News & Events


Professor Goddard and Team Find the Simplest Form of a Catalyst


William A. Goddard, Charles and Mary Ferkel Professor of Chemistry, Materials Science, and Applied Physics, is part of research team which finds that an electron is the simplest form of a catalyst. A catalyst is a substance that speeds up a chemical reaction by lowering the barriers from reactants to products. Traditionally, most catalysts contain transition metal as the source of activity. The most recent Nobel Prize in chemistry was awarded to Benjamin List and David W.C. MacMillan for the discovery of pure organic compounds as catalyst for asymmetric organic synthesis. Is there any catalyst simpler than small organic compounds? Yes, in an article published in the latest edition of Nature, a team of Northwestern University and Caltech discovered that an electron itself can play the role of catalyst for the process of molecular recognition. [Nature Article]

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Effective Pathway to Convert Greenhouse Gas into Valuable Products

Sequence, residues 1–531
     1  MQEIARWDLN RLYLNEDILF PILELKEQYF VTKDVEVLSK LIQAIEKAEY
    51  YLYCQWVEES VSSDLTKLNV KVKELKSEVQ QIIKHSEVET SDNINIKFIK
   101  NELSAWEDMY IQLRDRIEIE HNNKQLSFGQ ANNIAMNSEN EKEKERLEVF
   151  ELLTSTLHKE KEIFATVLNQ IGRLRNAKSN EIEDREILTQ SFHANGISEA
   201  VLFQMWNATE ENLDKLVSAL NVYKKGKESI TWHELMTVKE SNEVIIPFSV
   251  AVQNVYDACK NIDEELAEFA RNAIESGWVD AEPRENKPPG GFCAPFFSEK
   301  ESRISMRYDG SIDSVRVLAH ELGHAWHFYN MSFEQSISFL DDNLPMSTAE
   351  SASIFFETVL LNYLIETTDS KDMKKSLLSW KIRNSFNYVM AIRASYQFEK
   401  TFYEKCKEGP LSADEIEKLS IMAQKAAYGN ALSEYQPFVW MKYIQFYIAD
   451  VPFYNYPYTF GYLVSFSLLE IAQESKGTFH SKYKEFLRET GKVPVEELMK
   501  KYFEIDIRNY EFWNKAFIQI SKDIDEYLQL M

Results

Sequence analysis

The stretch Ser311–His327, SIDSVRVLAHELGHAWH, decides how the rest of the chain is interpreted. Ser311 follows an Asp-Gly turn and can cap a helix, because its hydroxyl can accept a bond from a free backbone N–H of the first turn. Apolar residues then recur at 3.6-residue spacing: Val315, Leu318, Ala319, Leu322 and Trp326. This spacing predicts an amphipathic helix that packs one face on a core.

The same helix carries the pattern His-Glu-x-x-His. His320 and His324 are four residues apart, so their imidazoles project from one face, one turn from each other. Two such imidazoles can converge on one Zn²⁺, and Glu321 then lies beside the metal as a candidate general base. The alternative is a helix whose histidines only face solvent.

A research team from Caltech and the UCLA Samueli School of Engineering has demonstrated a promising way to efficiently convert carbon dioxide into ethylene—an important chemical used to produce plastics, solvents, cosmetics, and other important products globally. They developed nanoscale copper wires with specially shaped surfaces to catalyze a chemical reaction that reduces greenhouse gas emissions while simultaneously generating ethylene. "The idea of using copper to catalyze this reaction has been around for a long time, but the key is to accelerate the rate so it is fast enough for industrial production," says William A. Goddard III, Charles and Mary Ferkel Professor of Chemistry, Materials Science, and Applied Physics. [Caltech story]

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Goddard Receives UCLA Samueli Lifetime Contribution Award


William Goddard, Charles and Mary Ferkel Professor of Chemistry, Materials Science, and Applied Physics, has been honored with the 2020 UCLA Samueli Lifetime Contribution Award for his significant contributions to the fields of engineering, quantum mechanics, physical chemistry and chemical physics. Goddard obtained his bachelor’s in engineering with highest honors from UCLA in 1960, and frequently collaborates with UCLA faculty members. “Each of Goddard’s academic achievements represents a key advance in its respective field,” said Yu Huang, a professor of materials science and engineering at UCLA. “He has deservedly been recognized nationally and internationally for his highly accomplished academic career and, furthermore, has kept in close touch with UCLA colleagues and maintained fruitful collaborations with numerous UCLA faculty members.” [UCLA story]